The transport shuttle 174 is then indexed forward to a second cooling zone 182, which is the same in construction as first cooling zone 178. The transport shuttle 174 remains in the second cooling zone 182 for about another 20 seconds. The cooling zones 178, 182 effectively age the dispensing vials 20 (and the sealing surfaces) equivalent to a set period of about 24 hours. With cooling to less than 60° F., the plastic is effectively in its “fully set” state as it would be found during normal use. (See FIGS. 13A-D, and 14B).
The transport shuttle 174 is indexed forward out of the second cooling zone 182 to a closing device 184. The temperature of the plastic material of the vial lid 48 and upper lip 36 of each vial 20 are measured (by infrared temperature sensors) outside of the second cooling zone 182 prior to full closure. As an optional step, any dispensing vial 20 not at or below 60° F. can be rejected if desired. The grippers 176 open and drop the vial 20 at this stage, before the final close. (See FIGS. 13A-D).
A closing device 184 then closes the vial lid 48 against the vial body 22 forming a complete peripheral seal. The dispensing vials 20 are supported on their bottom surfaces 34. Pneumatic cylinders 186 move the vials 20 upwardly and compress vial lids 48 against a top plate 188 where compression springs 190 exert an equal pressure downwardly for a full closure. It is important to note that the vial lids 48 are closed while the annular sealing walls 52, 54 and upper lip 36 of the vial body 22 are cool. (See FIGS. 13A-D, and 14C).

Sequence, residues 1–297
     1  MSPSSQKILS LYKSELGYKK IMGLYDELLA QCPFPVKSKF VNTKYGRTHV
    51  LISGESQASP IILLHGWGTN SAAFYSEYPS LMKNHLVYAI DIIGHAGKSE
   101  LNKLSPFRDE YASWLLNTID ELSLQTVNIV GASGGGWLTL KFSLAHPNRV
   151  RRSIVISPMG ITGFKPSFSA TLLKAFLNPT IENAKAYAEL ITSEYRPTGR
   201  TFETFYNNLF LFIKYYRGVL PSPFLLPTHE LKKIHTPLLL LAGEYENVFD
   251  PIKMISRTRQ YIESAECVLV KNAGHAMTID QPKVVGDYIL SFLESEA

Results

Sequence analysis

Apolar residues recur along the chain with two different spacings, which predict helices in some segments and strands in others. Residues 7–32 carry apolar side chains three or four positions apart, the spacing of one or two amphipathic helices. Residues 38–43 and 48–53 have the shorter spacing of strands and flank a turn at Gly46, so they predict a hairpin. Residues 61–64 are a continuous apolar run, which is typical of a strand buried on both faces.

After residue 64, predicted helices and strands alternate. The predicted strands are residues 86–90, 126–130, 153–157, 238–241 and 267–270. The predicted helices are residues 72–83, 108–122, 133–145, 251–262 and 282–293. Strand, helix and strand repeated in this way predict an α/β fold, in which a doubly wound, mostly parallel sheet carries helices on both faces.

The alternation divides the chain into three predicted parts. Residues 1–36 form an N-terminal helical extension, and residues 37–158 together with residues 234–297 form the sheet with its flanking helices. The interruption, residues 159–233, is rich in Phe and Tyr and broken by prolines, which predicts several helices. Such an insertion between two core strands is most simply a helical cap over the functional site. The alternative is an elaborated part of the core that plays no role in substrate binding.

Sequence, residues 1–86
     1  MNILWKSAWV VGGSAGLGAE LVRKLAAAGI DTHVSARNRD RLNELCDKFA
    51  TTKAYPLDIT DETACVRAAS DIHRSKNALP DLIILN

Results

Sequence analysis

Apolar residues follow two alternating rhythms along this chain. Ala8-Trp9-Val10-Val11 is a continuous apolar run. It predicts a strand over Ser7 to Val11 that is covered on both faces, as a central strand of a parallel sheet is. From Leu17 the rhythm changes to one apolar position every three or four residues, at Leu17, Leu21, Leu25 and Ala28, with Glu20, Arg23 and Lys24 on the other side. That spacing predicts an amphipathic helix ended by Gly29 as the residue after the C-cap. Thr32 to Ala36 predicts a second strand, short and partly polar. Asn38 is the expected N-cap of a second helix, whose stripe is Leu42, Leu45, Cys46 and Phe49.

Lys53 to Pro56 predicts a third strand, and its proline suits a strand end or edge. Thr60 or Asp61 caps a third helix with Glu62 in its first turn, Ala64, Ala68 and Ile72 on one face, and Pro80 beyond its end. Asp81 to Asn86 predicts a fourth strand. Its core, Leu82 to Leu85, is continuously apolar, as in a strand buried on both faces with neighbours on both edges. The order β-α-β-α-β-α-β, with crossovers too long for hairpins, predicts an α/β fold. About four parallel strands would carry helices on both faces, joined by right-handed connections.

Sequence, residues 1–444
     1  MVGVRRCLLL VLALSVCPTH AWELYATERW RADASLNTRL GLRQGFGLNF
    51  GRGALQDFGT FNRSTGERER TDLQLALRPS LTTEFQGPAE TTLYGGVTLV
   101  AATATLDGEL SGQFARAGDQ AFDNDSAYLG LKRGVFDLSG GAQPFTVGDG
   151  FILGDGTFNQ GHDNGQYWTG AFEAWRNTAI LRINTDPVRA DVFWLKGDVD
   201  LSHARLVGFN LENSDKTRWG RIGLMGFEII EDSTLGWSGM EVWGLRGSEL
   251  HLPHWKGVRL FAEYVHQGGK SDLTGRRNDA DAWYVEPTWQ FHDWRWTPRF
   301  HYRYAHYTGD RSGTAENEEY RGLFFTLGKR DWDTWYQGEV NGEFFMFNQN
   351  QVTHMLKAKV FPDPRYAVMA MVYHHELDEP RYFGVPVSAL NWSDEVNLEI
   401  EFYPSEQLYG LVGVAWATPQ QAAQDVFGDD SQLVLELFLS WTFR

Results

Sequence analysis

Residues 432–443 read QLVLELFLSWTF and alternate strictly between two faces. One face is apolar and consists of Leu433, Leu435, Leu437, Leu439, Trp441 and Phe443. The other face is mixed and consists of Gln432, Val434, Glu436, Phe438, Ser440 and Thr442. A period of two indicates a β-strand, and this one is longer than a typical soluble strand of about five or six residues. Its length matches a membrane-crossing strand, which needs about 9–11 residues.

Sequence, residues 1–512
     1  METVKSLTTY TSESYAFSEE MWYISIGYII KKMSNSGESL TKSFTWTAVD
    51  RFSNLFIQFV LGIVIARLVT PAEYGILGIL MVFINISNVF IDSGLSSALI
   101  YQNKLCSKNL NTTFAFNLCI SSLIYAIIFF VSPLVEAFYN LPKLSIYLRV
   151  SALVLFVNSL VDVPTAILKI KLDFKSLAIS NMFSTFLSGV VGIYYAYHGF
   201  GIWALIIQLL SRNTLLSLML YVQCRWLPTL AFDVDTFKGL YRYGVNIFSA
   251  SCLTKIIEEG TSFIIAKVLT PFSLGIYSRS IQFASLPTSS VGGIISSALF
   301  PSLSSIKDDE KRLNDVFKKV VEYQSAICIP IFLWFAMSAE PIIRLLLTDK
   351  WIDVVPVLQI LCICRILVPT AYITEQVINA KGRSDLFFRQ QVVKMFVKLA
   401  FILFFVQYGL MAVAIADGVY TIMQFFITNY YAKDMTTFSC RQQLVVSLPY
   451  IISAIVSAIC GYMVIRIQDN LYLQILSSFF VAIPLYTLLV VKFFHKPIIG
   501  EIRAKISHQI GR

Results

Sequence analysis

The transport shuttle 174 then moves to an inspection station 192 where the closure of vial lid 48 is confirmed. Properly closed dispensing vials 20 are released into bin (not shown). Defective dispensing vials 20 are sorted for reprocessing. The cooled dispensing vials 20 then return to room temperature in a closed state.
While there is shown and described herein certain specific structure embodying the invention, it will be manifest to those skilled in the art that various modifications and rearrangements of the parts may be made without departing from the spirit and scope of the underlying inventive concept and that the same is not limited to the particular forms herein shown and described except insofar as indicated by the scope of the appended claims.